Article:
Global competition is coming to the telecommunications industry in a major way. Yes Skype and others have been around for a long time but direct competition between the telco powerhouses has been slow to evolve.
America’s largest telco, Verizon, is planning to make a push for corporate customers with its secure internet and cloud computing products in the Asia-Pacific region. This move will see it competing head-to-head with Telstra International, the overseas arm of Telstra, the largest Australian telco. Telstra chief executive, David Thodey, recently cited expansion into Asia and more multinational corporate clients as a key strategic priority for Telstra in 2013.
Recommended for YouWebcast: Sales and Marketing Alignment: 7 Steps To Implement Effective Sales Enablement
John Harrobin, Verizon Enterprise Solutions chief marketing officer said “We believe that we are positioned to be one of the handful of players worldwide that can serve the mission critical needs of enterprise customers,” The move into the region puts Verizon in direct competition with Telstra, which wants its international arm to sell more global data and telecommunications services to companies with offices around Asia.
Verizon also wants more business with Australian corporations. It already provides telecommunications for some Australian government departments and for companies in the financial services, mining and manufacturing industries. It is also aiming to provide cloud-computing services to medium-sized companies that have only Australian operations,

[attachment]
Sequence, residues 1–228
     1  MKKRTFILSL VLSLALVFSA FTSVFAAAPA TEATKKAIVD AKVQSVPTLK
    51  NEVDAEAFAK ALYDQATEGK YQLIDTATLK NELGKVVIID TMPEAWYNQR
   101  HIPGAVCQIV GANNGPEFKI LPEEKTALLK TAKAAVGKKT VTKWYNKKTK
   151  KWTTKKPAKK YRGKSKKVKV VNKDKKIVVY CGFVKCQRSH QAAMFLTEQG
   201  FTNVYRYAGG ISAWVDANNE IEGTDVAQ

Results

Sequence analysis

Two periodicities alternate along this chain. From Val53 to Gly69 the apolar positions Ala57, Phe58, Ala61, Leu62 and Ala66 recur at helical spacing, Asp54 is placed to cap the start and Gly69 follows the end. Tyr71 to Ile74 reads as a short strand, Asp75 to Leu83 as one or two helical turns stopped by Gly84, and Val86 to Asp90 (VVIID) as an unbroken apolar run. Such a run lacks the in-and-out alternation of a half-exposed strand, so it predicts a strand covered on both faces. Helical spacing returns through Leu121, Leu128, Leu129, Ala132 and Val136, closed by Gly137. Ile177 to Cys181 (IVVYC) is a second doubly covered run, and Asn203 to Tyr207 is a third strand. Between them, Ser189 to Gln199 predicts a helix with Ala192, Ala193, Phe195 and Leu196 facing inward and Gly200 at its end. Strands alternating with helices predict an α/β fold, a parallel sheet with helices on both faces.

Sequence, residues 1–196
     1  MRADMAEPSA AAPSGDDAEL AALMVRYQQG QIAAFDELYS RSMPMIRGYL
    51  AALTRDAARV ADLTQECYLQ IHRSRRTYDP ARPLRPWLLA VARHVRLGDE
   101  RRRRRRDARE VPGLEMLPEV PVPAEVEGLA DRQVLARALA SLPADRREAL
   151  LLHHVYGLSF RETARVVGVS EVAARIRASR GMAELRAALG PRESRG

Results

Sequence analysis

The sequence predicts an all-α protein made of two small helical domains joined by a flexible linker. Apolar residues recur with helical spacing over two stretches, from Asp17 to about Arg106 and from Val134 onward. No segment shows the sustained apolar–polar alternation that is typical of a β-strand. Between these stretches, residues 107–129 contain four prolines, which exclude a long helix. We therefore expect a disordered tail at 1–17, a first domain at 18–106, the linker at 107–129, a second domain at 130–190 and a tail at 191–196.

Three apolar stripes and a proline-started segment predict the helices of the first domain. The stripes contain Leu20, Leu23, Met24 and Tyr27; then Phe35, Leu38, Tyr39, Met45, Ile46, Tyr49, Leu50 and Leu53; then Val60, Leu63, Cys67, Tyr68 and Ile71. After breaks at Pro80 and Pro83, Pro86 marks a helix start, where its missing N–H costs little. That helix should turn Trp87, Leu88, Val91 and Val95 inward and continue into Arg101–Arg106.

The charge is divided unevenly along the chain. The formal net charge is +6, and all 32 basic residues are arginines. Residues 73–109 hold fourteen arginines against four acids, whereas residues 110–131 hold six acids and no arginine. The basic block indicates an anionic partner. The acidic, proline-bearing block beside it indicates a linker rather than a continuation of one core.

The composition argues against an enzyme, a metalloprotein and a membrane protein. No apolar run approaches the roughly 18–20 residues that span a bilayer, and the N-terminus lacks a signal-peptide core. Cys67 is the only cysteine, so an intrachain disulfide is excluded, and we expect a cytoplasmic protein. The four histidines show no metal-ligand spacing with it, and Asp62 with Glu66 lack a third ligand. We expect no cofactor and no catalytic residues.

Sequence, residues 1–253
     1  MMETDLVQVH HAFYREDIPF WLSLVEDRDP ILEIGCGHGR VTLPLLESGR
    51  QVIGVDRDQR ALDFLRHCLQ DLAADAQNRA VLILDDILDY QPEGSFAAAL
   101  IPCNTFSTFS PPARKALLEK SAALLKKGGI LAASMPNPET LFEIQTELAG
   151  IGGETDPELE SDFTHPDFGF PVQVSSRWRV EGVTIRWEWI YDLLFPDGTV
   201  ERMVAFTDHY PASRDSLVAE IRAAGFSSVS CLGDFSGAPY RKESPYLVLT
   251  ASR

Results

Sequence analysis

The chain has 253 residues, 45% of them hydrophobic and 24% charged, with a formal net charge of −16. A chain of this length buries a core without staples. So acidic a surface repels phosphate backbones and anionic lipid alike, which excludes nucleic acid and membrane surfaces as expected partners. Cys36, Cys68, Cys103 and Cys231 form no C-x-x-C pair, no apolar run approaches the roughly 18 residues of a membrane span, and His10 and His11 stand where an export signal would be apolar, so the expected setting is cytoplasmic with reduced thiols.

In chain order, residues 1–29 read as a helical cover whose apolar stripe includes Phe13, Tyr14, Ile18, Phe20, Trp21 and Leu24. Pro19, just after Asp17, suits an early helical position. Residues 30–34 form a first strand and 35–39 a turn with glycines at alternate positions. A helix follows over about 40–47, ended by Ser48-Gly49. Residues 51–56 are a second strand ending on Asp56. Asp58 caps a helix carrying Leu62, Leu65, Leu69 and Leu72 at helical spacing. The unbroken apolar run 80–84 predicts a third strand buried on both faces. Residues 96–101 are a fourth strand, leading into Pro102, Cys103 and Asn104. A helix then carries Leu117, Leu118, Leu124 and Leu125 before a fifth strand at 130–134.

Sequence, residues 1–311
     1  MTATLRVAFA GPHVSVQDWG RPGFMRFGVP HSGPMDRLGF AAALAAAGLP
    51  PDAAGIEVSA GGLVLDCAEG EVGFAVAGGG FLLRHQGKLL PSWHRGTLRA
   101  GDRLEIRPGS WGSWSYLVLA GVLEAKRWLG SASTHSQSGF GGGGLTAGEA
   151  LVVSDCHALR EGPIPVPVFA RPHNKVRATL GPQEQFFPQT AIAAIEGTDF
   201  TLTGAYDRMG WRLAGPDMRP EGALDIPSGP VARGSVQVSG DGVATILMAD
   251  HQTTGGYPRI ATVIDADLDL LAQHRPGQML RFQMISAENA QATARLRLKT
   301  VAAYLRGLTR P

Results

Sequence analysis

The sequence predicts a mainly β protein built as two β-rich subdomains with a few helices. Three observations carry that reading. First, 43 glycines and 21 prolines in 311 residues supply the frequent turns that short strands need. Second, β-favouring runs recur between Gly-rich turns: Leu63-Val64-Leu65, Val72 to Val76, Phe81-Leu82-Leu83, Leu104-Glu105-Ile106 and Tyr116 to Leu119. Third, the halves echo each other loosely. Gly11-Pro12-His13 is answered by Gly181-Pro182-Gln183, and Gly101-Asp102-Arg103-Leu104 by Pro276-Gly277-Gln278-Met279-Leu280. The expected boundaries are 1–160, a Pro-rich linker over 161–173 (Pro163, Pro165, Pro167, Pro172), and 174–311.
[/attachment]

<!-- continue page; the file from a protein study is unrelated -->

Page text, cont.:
IT services are moving from an on-premise service to a cloud-based service, and this would be a “massive disruption” in the sector, he said.
For Telstra, this type of heavyweight competition is relatively new and collaboration with new partners in Asia may be necessary. Telstra’s Asian success has been mixed in the past. For Verizon, the Asian markets will pose a new challenge – they will be aiming to sell new disruptive solutions to new customers. This is much tougher and riskier than selling products that everyone understands to customers you already know.
Which company is best positioned to win this battle? Will it be Verizon with its larger infrastructure and resources or Telstra with its traditionally stronger links in Australian and Asian markets? The answer will ultimately turn on the relative strengths of their customer cultures – their understanding of current and future customer needs and the ability of their entire organizations to deliver superior value for corporate customers. Their cultures will need to be resilient enough to understand, adapt to and act on their current and future competitors’ strategies and to have sufficient “peripheral vision” of opportunities that will require product and service innovations.
Do you have a customer culture that enables you to win competitive battles of this type? Does your corporate culture have the “peripheral vision” to identify and act on early warning signals of competitive threats and disruptive market opportunities?